Higher apprenticeships increase by more than 25%

Statistics published by the Office for National Statistics (ONS) show a more than a quarter increase in higher apprenticeship starts

Statistics from the Office for National Statistics (ONS) show a 27% increase in the number of higher apprenticeship starts in the first quarter of the 2021-22 academic year, compared to the previous year.

The statistics were published this morning (27 January) and indicate a move towards post-pandemic recovery.

Dr Joe Marshall, chief of the National Centre for Universities and Business (NCUB) welcomed the information and said “higher apprenticeships will allow for universities and businesses to produce the highly-skilled, adaptable workforce the economy needs to help the nation’s post-pandemic recovery” and expressed hope “that 2022 will continue to be a large growth year for the number of higher apprenticeships.”

Higher apprenticeships allow students to gain work experience whilst studying, enter the job market immediately, or reskill whilst earning.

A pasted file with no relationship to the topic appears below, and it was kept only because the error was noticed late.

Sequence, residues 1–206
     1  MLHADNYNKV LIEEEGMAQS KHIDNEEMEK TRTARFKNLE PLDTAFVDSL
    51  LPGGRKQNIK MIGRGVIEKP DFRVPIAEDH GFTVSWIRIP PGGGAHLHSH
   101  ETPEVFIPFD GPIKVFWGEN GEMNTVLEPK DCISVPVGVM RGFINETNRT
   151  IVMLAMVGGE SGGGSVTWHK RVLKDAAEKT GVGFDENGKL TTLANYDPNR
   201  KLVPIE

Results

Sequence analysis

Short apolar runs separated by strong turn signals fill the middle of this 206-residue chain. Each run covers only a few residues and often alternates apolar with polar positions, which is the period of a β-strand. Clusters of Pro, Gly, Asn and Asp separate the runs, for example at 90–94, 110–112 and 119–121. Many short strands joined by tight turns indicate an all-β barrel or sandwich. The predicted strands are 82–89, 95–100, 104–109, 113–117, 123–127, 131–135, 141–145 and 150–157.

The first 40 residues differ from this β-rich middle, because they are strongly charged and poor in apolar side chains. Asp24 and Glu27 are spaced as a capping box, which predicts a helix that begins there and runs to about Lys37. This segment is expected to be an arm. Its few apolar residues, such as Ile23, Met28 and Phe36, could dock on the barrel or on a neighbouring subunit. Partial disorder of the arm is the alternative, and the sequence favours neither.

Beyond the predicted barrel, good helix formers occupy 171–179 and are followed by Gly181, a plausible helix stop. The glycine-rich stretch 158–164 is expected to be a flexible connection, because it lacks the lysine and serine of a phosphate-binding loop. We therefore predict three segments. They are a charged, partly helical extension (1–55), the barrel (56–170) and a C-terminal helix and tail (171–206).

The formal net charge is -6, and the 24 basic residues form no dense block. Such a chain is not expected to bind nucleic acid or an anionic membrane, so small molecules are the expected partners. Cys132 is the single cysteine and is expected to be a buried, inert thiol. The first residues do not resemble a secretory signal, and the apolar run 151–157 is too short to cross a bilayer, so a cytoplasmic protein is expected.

Marshall expressed the importance of “diversifying pathways into education” and said that the high number of job vacancies seen in recent months have revealed concerns over a “skills mismatch” crisis.

He continued, “higher apprenticeships may well be a silver bullet for getting specially trained people into unfilled jobs.”

Marshall concluded his statement by calling for further flexibilities to be introduced that allow employers to use a part of their apprenticeship levy to fund appropriate training for existing employees. He said, “this would allow businesses to use their levy for important retraining purposes, but would also protect part of the levy to create new apprenticeship opportunities for young people.”

A series of freedom of information (FOI) requests by the Chartered Institute of Personnel and Development uncovered a £2bn apprenticeship levy underspend between May 2019 and March 2021 – funding returned to the Treasury because employers had not been able to make use of it. Some want the looser rules on apprenticeship levy spending to eliminate this underspend.

Under rules introduced in 2017, apprenticeship funding in England comes through a levy equivalent to 0.5% of salary costs for companies with an annual wage bill above £3m. This money is paid to the Treasury if not used within two years.

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